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Chislehurst Caves: A Review by Freya Keable Darrick Wood Secondary School

Chislehurst caves were established as a business in 1900, where Victorians were educated about the caves’ dark history; with murder, sacrifice, and supposed haunting, if you dare to enter the caves, you can be sure to be enjoy your trip.     

The Chislehurst caves are a labyrinth of man-made tunnels, covering over 60,000 square metres and reaching depths of 30 metres below ground. The caves were first used by the Druids over 4000 years ago, which means the caves have a rich past. It is theorised that the Druids used the caves as a sacrificial chamber, due to the discovery of an alter and a sacrificial dagger. In World War 1, the caves were used as munitions storage for the Woolwich Arsenal, and also for growing mushrooms. Then in World War 2, the caves became an air raid shelter for thousands of people. At some points in the war, over 15000 people were staying in the caves; as a result the caves became an underground town, with barbers, dentists, markets and shops, making the caves the largest deep air-raid shelter outside of London. These are just a few of the interesting stories of these ancient caves.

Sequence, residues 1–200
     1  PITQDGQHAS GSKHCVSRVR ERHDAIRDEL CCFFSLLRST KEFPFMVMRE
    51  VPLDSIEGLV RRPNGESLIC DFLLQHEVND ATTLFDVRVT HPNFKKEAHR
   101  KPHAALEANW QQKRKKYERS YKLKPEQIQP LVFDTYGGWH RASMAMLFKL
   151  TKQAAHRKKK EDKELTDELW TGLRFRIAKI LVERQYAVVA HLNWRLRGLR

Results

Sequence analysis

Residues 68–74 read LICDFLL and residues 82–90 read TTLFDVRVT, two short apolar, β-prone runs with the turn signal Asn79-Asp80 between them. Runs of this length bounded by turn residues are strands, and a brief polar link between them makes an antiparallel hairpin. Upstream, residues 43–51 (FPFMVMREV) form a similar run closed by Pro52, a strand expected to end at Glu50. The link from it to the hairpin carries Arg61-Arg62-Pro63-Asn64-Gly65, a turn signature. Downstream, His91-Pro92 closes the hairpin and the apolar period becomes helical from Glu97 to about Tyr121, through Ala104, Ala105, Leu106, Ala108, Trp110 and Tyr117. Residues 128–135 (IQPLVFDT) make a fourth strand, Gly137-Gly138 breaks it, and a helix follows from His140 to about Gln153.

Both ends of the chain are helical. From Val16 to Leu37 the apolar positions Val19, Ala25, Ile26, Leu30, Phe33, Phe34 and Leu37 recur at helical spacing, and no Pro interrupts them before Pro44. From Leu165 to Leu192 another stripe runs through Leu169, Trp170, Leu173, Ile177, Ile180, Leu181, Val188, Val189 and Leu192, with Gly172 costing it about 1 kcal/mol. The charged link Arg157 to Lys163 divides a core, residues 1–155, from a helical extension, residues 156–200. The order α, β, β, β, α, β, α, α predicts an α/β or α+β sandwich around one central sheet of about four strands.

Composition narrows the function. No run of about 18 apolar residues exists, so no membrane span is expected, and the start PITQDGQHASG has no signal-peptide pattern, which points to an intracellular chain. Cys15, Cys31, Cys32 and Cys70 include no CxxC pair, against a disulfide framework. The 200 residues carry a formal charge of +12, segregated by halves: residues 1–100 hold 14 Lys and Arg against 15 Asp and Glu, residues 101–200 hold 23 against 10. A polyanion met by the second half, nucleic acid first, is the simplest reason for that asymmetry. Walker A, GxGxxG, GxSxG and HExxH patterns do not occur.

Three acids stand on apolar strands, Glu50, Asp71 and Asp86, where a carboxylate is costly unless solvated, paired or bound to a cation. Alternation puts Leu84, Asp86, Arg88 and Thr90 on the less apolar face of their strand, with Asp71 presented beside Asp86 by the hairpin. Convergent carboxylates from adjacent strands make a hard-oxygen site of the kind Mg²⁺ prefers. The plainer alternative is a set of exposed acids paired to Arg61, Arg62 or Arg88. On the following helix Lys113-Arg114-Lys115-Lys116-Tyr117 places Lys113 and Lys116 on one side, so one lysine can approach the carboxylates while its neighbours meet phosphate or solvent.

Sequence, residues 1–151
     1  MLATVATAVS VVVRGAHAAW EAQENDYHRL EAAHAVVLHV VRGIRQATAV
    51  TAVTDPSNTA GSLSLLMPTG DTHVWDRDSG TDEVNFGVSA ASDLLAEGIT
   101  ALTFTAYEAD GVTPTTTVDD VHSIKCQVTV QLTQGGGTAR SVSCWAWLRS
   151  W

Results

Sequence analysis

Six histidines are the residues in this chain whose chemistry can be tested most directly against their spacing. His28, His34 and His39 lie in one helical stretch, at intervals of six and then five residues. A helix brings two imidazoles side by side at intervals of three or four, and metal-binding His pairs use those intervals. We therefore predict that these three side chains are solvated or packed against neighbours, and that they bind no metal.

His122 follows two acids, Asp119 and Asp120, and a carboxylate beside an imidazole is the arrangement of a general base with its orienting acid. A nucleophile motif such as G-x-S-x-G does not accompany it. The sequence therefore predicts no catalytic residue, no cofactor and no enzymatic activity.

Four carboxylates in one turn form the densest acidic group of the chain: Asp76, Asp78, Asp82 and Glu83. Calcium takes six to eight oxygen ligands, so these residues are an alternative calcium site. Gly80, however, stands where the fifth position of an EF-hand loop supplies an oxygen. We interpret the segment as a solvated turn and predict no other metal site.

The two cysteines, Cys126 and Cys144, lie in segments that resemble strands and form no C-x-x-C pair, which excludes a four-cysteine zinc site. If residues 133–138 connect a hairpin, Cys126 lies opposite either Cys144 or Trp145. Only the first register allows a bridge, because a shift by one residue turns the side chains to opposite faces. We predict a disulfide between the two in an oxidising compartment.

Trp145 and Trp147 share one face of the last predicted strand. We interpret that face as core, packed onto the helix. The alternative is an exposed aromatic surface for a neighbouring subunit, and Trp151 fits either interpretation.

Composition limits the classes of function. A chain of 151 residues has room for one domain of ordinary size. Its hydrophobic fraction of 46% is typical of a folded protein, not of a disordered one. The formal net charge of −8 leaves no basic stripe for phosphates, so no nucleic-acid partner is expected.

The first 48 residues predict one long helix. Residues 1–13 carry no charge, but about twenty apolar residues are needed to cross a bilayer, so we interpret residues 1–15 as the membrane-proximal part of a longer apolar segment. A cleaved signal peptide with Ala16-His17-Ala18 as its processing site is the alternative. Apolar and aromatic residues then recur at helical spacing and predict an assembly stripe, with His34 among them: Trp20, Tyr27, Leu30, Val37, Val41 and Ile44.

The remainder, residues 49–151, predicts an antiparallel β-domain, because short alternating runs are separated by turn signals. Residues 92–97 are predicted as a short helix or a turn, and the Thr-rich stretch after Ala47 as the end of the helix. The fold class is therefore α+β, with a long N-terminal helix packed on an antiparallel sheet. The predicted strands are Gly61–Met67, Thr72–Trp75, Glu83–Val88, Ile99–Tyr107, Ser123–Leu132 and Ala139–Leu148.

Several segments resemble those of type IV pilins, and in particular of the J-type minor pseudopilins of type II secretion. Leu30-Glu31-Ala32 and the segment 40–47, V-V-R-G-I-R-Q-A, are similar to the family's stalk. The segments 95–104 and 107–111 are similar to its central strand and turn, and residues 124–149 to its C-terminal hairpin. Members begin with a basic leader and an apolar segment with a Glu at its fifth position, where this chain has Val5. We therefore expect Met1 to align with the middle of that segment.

There have also been many reported supernatural experiences, and one of the most renowned stories from the caves is that of the woman in white. In World War 2, a woman was found lying face-down in a pool of water, wearing a wedding dress. Since then, many of the caves’ visitors have said to have had a paranormal experience. As a result, there was a competition to see who could stay in the caves for twelve hours with only a box of matches, with a prize of £5. However, only one man was able to complete such a challenge; it was too terrifying experience for the average citizen.

According to tour-guides, coronavirus ‘didn’t really affect the business’, so face coverings are optional, but it is advised that you attempt to social distance. All visitors under sixteen must be accompanied by an adult aged twenty-one or older. If you are of a nervous disposition or have an acute fear of darkness, the cave tour may be unsuitable.

The caves are a great attraction, with much more to offer than I have described. For more information about the caves and their guidelines, see the official website: www.chislehurst-caves.co.uk.  



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